Historians have long believed that the "frontier" shaped Texas plantation society, but in this detailed examination of Texas's most important plantation region, Sean M. Kelley asserts that the dominant influence was not the frontier but the Mexican Republic. The Lower Brazos River Valley the only slave society to take root under Mexican sovereignty made replication of eastern plantation culture extremely difficult and complicated. By tracing the synthesis of cultures, races, and politics in the region, Kelley reveals a distinct variant of southern slavery a borderland plantation society.
Kelley opens by examining the four migration streams that defined the antebellum Brazos community: Anglo-Americans and their African American slaves who constituted the first two groups to immigrate; Germans who came after the Mexican government barred immigrants from the U.S. while encouraging those from Europe; and African-born slaves brought in through Cuba who ultimately made up the largest concentration of enslaved Africans in the antebellum South. Within this multicultural milieu, Kelley shows, the disparity between Mexican law and German practices complicated southern familial relationships and master-slave interaction. Though the Mexican policy on slavery was ambiguous, alternating between toleration and condemnation, Brazos slaves perceived the Rio Grande River as the boundary between white supremacy and racial egalitarianism. As a result, thousands fled across the border, further destabilizing the Brazos plantation society.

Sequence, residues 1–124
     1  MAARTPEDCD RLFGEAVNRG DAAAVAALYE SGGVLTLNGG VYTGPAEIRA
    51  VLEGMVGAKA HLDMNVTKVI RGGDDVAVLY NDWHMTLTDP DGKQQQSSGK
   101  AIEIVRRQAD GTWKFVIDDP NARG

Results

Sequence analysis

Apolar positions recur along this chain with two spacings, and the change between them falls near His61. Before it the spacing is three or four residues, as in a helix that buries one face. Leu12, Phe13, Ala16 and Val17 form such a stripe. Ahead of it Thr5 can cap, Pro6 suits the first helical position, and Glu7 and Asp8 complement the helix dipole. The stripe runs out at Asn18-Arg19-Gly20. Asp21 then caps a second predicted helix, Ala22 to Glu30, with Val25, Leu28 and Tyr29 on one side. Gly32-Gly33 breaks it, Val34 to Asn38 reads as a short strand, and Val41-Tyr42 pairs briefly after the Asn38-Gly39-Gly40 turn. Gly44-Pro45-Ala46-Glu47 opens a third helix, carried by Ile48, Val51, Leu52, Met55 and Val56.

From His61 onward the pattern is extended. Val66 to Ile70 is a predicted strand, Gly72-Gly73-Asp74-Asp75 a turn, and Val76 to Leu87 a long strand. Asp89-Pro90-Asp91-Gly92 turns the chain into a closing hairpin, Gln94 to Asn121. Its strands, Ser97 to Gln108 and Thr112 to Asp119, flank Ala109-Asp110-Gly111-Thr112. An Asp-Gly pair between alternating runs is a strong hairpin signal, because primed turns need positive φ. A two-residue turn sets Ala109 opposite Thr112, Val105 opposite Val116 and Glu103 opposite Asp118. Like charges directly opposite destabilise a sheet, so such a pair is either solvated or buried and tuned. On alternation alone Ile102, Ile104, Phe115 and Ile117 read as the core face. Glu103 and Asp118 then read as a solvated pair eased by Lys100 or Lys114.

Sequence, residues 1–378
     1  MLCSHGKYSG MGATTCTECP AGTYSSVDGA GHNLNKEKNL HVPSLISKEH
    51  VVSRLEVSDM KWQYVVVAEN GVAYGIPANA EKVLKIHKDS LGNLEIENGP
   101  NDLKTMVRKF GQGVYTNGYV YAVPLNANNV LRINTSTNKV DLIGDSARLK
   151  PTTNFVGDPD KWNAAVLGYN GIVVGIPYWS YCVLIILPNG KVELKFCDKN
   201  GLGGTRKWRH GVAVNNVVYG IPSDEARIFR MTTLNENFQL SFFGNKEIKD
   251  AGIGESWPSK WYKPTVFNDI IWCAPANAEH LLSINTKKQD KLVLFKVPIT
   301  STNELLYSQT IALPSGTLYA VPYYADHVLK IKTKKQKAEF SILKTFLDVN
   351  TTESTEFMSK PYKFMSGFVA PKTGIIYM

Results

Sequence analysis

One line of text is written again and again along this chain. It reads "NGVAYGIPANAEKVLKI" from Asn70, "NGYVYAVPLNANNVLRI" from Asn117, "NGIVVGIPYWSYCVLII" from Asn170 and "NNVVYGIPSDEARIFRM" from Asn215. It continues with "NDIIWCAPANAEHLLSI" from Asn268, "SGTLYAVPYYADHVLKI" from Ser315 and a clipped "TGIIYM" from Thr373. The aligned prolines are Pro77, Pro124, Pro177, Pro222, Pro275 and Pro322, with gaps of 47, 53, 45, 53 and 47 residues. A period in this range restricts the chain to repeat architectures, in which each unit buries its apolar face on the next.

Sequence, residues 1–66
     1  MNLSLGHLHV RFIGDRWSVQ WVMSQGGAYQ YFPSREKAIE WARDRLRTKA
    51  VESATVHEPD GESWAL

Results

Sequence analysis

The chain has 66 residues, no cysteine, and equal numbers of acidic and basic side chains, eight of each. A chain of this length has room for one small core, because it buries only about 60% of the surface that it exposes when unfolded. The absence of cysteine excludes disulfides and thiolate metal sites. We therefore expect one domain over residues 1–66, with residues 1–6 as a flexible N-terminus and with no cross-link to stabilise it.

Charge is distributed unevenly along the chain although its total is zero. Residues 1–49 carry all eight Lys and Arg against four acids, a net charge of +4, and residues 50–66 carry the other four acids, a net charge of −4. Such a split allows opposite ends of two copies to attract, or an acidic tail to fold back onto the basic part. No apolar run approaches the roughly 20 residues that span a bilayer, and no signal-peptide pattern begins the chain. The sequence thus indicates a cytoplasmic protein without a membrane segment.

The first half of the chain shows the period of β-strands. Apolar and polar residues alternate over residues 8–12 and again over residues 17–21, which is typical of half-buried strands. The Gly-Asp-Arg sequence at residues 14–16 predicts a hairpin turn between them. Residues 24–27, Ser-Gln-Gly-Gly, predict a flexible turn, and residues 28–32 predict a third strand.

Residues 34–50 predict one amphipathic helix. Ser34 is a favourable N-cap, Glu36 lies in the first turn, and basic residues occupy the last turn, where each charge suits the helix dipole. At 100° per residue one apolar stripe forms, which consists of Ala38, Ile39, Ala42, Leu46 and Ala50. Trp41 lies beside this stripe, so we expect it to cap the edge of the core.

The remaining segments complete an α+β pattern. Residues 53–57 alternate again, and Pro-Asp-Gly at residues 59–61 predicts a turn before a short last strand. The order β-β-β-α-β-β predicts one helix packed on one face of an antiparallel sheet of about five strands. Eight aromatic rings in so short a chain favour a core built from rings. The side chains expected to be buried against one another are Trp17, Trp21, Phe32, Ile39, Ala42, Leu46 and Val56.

In the1850s, nonslaveholding Germans also contributed to the upheaval by expressing a sense of ethnic solidarity in politics. In an attempt to undermine Anglo efforts to draw a sharp boundary between black and white, some Germans hid runaway slaves. Ultimately, Kelley demonstrates how the Civil War brought these issues to the fore, eroding the very foundations of Brazos plantation society.
With Los Brazos de Dios, Kelley offers the first examination of Texas slavery as a borderland institution and reveals the difficulty with which southern plantation society was transplanted in the West.
|Publisher:||Louisiana State University Press|
|Series:||Conflicting Worlds: New Dimensions of the American Civil War Series|
|Product dimensions:||6.10(w) x 9.10(h) x 1.00(d)|
About the Author
Sean M. Kelley is an associate professor of history at Hartwick College in Oneonta, New York.